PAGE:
The cash is still gushing into the delivery ecosystem, with Kitchen United recently announcing another $40 million infusion to the Google-backed national ghost kitchen operator. Its Series B funding round was co-led by RXR Realty, one of New York City’s largest real estate owners, investors and developers.

With the new affiliation with RXR, Kitchen United will enter the New York City market, with ghost kitchens opening in RXR and other properties in the greater tri-state area. The company will continue to seek out new locations in its primary growth markets, Chicago, Los Angeles, San Francisco and Boston. This latest money is Kitchen United’s second big haul, having received a $10 million Series A led by Google Ventures last fall.

“We share Kitchen United’s vision for the future of the restaurant industry and believe the consumer shift toward [off-premises] dining is already having a huge impact on both residential and commercial real estate,” said Scott Rechler, chairman and CEO of RXR Realty.

Kitchen United has attracted an outsized share of buzz in the ghost kitchen space, along with CloudKitchens and Zuul Kitchens, which recently opened a location in New York City’s SoHo neighborhood. Kitchen United currently has operating locations in Chicago and Pasadena, California, with several future locations planned in major U.S. cities on its way to a stated goal of 400 kitchen centers in the next few years.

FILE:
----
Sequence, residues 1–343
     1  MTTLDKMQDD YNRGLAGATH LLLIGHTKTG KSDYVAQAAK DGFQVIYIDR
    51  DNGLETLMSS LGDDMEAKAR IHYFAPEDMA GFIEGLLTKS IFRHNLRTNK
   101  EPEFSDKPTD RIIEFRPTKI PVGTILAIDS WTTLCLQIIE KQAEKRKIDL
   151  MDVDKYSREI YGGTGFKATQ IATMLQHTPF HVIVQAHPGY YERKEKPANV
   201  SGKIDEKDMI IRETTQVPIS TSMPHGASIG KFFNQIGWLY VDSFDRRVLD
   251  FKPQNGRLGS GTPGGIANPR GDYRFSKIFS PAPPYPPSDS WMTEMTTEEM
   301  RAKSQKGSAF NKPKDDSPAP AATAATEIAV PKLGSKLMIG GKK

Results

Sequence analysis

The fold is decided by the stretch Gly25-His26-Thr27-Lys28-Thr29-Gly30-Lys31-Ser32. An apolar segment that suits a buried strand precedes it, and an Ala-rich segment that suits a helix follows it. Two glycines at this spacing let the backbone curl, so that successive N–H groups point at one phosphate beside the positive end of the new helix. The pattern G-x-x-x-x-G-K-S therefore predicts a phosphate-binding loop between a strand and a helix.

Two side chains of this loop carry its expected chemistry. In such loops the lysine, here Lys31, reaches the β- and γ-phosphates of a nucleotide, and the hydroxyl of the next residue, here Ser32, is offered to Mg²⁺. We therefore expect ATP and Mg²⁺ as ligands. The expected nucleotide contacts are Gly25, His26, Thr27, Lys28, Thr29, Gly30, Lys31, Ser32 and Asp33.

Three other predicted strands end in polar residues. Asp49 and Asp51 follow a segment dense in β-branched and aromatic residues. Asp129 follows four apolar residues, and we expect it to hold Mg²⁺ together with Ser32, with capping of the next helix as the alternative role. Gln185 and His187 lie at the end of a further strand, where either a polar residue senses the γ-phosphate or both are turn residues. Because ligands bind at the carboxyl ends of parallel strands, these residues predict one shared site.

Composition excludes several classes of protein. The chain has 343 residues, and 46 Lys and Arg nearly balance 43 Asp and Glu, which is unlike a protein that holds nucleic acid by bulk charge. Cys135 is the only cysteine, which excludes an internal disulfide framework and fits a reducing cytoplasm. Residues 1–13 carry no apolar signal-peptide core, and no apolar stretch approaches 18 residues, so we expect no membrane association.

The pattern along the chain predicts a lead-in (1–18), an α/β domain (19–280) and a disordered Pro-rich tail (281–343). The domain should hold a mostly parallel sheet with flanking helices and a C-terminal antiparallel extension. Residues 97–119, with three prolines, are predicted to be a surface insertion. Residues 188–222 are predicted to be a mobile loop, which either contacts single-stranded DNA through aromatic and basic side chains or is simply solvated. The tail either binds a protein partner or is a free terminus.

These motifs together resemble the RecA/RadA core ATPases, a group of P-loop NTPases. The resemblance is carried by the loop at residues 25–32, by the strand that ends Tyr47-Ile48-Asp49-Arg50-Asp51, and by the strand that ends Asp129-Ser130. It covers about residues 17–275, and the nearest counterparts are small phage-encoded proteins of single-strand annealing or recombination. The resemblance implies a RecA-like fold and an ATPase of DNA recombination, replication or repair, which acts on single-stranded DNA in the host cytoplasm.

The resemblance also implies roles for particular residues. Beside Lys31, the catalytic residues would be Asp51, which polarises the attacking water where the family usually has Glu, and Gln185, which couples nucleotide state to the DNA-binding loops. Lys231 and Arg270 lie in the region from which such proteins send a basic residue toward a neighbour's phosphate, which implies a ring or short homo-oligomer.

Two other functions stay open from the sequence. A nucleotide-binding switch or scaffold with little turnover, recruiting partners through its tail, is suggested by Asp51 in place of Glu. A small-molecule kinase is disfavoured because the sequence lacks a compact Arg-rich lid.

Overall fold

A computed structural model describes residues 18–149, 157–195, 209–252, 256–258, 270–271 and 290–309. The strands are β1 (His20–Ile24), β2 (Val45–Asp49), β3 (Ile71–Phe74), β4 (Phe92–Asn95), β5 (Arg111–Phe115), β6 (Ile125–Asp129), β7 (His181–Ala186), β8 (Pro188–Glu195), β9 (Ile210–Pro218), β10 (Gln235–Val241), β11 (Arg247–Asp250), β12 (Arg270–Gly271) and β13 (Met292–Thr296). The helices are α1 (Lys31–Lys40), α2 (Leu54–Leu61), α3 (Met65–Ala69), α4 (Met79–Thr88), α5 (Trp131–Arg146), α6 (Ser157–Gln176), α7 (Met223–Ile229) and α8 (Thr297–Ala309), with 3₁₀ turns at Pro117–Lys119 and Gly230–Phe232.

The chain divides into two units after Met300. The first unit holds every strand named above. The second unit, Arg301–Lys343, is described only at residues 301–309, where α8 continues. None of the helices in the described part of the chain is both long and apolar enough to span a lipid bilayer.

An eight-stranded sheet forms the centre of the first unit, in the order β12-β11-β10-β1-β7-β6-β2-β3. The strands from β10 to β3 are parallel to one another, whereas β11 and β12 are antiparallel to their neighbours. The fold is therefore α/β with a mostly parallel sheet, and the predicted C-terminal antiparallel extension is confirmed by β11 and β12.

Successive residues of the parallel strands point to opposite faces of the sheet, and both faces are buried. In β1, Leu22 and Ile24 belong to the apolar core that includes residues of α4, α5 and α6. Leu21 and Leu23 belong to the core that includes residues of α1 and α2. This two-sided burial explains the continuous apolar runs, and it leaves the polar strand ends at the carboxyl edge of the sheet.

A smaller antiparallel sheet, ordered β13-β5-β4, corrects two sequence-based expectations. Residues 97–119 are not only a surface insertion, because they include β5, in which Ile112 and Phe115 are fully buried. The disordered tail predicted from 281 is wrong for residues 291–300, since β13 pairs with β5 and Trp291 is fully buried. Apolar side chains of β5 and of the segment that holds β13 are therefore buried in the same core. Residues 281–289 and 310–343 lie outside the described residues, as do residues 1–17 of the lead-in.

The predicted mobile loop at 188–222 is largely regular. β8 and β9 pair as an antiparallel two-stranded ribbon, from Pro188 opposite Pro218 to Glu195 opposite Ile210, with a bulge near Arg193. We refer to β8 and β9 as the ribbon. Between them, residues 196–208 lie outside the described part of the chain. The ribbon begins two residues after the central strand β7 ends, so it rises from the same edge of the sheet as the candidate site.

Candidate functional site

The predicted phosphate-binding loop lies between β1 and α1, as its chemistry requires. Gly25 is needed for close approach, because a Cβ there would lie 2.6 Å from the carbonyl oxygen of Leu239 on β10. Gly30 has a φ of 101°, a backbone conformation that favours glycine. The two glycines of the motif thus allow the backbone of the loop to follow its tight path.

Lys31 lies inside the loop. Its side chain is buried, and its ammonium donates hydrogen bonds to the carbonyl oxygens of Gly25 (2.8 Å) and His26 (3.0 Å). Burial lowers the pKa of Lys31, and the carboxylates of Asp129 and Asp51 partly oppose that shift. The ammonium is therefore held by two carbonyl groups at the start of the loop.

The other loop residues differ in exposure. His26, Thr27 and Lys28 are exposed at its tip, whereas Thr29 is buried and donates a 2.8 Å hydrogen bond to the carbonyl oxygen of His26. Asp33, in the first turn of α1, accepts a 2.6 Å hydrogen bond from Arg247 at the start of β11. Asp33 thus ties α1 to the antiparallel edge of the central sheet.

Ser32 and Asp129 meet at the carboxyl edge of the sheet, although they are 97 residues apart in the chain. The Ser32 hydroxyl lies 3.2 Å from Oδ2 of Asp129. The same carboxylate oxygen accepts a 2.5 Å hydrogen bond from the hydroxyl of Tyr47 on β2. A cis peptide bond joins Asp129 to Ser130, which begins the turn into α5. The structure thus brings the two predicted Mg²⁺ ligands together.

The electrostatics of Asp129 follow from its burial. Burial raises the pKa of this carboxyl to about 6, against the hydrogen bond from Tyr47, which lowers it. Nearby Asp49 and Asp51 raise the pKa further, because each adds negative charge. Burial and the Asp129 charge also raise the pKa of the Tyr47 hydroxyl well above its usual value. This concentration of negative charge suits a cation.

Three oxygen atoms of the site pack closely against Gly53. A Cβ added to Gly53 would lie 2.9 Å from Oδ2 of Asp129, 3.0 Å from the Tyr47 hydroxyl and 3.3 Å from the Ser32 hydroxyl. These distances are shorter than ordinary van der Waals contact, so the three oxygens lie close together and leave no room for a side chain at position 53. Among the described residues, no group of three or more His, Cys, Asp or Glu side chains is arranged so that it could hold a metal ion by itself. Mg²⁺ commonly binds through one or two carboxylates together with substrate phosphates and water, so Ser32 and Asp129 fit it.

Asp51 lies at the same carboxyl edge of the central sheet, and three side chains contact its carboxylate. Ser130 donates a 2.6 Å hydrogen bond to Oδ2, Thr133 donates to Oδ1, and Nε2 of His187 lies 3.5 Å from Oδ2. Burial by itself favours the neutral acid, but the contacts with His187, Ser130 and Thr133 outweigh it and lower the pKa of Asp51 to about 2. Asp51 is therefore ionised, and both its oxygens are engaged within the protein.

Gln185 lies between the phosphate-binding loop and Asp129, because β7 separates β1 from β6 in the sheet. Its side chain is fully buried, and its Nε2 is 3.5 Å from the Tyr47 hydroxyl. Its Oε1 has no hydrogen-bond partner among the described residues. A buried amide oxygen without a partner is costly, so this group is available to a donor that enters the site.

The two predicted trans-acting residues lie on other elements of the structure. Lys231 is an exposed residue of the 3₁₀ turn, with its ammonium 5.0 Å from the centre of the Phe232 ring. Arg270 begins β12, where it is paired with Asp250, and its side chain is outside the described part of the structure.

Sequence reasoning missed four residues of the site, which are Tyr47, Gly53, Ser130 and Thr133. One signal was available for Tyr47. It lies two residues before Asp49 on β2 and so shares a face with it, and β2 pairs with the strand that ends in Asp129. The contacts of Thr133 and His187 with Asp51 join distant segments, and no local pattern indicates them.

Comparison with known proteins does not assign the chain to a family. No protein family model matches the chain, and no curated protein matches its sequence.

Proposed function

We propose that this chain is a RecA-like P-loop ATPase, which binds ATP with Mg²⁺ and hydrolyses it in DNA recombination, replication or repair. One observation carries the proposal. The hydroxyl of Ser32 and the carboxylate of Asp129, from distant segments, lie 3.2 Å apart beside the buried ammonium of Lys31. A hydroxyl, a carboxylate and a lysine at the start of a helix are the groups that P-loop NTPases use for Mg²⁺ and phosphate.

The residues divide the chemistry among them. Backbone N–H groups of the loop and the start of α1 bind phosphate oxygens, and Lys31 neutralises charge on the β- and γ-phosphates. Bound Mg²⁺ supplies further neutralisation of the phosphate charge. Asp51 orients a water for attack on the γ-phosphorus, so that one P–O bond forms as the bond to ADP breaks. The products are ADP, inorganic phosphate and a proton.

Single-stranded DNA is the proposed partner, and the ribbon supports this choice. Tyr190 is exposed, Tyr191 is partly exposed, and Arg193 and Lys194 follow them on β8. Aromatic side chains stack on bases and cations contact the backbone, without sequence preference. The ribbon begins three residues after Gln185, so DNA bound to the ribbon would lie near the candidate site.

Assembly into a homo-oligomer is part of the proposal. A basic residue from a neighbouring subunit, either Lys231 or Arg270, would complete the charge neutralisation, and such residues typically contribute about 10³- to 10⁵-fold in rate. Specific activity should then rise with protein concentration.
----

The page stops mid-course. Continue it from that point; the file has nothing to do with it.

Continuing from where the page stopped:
“In just over two years, we have only scratched the surface on the massive opportunity for brands to serve their guests where they want to be served, which is increasingly outside their traditional four-wall space,” Collins said.

RXR manages 68 commercial real estate properties and investments worth approximately $18.8 billion, comprising approximately 24.5 million square feet of commercial operating properties and approximately 6,300 multi-family residential and for-sale units in various stages of development in the New York metro area.

Delivery-only ghost kitchens are intended to sidestep high real-estate costs, one of the most challenging aspects of the traditional restaurant business. Lower-cost, less-visible locations focused exclusively on delivery are intended to help restaurants generate higher profits compared with integrating delivery into existing restaurant kitchens.

Big-time real estate developers getting into the ghost kitchen space is a notable milestone, especially in light of WeWork’s pre-IPO flameout that continues to play out in the press. It’s safe to assume that landlords and developers with under-utilized light industrial spaces or basement-level commercial spaces are licking their chops at the prospect of thousands of ghost kitchens coming online in the next few years.